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More counties are embracing voluntary cybersecurity frameworks to evaluate their risk and better protect their assets, a recent report shows.
County governments are reducing their cybersecurity risk levels by embracing voluntary standards, including those developed by the federal government, according to a report released last week.
Research from the National Association of Counties (NACo) and Accenture found that 50% of counties use the controls outlined in the National Institute of Standards and Technology’s (NIST) Security and Privacy Controls for Information Systems and Organizations special publication.
Meanwhile, almost 30% use either a bespoke state or county-specific framework, a cybersecurity maturity model certification program or the 27001 Maturity Model developed by the International Organization for Standardization and the International Electrotechnical Commission. Just over 20% said they do not use a standardized cybersecurity framework, while 18% said they do not know.
NACo Chief Information Officer Rita Reynolds said the findings “surprised” researchers as they “did not think [standards] adoption was quite that wide.” She said that shows progress on cybersecurity at the county level and a greater understanding of how efforts at NIST and international standards bodies can be translated for local governments.
“So long as counties are working towards a standard, that's really what we want to see,” Reynolds said.
Reynolds said she was also “pleasantly surprised” to see that more than 60% of elected officials see cybersecurity as a top priority or at least a priority. While it is not that elected leaders did not care about cybersecurity in the past, she said, the spate of cyberattacks on local governments combined with greater education on the topic has helped make it more tangible.
That support for cybersecurity has revealed itself in numerous ways, according to the report. Researchers found that counties are spending on firewalls and other cyber solutions, engaging cybersecurity experts for assistance and crafting strategies to deal with response and recovery.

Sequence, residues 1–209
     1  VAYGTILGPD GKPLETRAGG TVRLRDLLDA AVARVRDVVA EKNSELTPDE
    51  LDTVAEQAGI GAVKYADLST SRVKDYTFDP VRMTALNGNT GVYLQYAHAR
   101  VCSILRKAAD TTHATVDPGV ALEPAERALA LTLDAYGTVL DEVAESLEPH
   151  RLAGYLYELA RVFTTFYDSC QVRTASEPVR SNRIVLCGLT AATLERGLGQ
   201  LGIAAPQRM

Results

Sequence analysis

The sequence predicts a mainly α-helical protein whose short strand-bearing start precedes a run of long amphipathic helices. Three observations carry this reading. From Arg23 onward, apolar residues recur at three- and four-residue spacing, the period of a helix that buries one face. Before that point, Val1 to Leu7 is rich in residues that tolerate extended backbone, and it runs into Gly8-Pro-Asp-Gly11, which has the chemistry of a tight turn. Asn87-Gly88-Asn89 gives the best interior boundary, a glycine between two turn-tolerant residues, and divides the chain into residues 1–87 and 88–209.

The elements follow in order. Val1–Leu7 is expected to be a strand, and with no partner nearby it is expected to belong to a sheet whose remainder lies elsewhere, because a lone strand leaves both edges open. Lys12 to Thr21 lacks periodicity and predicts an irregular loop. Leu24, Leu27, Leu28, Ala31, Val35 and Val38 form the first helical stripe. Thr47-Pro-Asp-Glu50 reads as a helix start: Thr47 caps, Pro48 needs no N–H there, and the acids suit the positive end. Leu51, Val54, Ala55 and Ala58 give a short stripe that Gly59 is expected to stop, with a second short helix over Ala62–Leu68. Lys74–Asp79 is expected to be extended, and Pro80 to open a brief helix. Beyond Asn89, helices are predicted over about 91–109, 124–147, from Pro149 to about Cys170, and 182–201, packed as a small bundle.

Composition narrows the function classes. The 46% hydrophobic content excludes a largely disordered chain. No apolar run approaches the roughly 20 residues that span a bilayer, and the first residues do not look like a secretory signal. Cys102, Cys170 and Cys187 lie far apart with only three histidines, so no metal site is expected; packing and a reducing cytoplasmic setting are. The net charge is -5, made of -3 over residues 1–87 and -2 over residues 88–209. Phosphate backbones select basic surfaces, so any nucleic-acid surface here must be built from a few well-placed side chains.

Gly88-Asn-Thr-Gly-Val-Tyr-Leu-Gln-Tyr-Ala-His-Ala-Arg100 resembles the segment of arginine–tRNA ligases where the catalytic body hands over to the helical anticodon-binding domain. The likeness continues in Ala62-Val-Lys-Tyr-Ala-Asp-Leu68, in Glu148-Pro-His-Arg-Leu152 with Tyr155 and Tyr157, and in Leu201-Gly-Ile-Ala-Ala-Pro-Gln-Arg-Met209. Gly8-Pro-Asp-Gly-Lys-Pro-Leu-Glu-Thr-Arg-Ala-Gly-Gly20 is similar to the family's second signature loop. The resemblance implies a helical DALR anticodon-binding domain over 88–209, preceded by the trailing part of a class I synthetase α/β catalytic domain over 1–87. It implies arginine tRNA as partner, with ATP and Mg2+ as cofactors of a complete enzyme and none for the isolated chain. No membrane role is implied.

But there is still plenty of work ahead for county governments.
An unnamed CIO of a medium-size rural county said “lagging technology pressures” from legacy systems are among the biggest concerns. “We have a lot of aging servers, lagging technology that we’re constantly trying to stay up to date with,” the CIO is quoted as saying in the report.
And while over 40% of respondents said they are moving organizational processes to the cloud and 63% said they use a hybrid mix of public and private clouds, one chief technology officer of a medium-size county warned that the use of cloud in addition to on-prem services has “actually complicated our security landscape because now we have to protect more.” Counties also must ensure data and infrastructure is configured correctly when moved to the cloud, which the CTO said requires different skills to maintain.
NACo and Accenture also found that most counties lack a cybersecurity risk-based framework that is fully integrated into their countywide security and resilience plans. Just 12% said their cyber risk-management framework is fully integrated, while 38% said it is partially integrated, and 11% said it is not integrated at all.
Reynolds said a county’s cybersecurity and resilience depends on strong relationships between county agencies. Holding interagency tabletop activities can solidify those relationships and help agency leaders that traditionally do not think of themselves as technology driven see the importance of cybersecurity, she said.
Fiscal concerns weigh also heavily in counties’ cybersecurity strategies. The report found that while 86% of counties have a cyber insurance policy, just 31% are happy with it. Meanwhile, 70% noted that their premiums have increased, and 69% said the qualifying questionnaires they must fill out have grown longer. One third of county leaders surveyed said their coverage had been reduced.
Reynolds said the insurance industry now has more actuarial data about cyberattacks and so is “correcting very quickly” to better reflect the risks associated with cybersecurity, adding that may take at least until the end of this year for the industry to settle down and phase out premium spikes and coverage reductions. While counties may be tempted to drop their cyber insurance, they should resist that urge, she advised.
“It's like car insurance,” she said. “You're required to have it, hopefully you don't have to use it. But in the event that something does happen, you're at least covered. The difference here with cyber insurance, from the public’s perspective, if something happens and you have to notify individuals, you at least can say you have cyber insurance in place.”
Budgets also remain tight for county governments, although the coming federal cybersecurity grants for state and local governments could help ease that burden. But there is a “long, long way to go” before that funding is sufficient to meet counties’ needs, Reynolds said.
With threats against local governments increasing, Reynolds urged leaders to continue investing in cybersecurity and “move the needle forward” on protecting themselves, as that will lessen the impact of any future attacks. “Sitting and doing nothing isn't a good option anymore,” she said.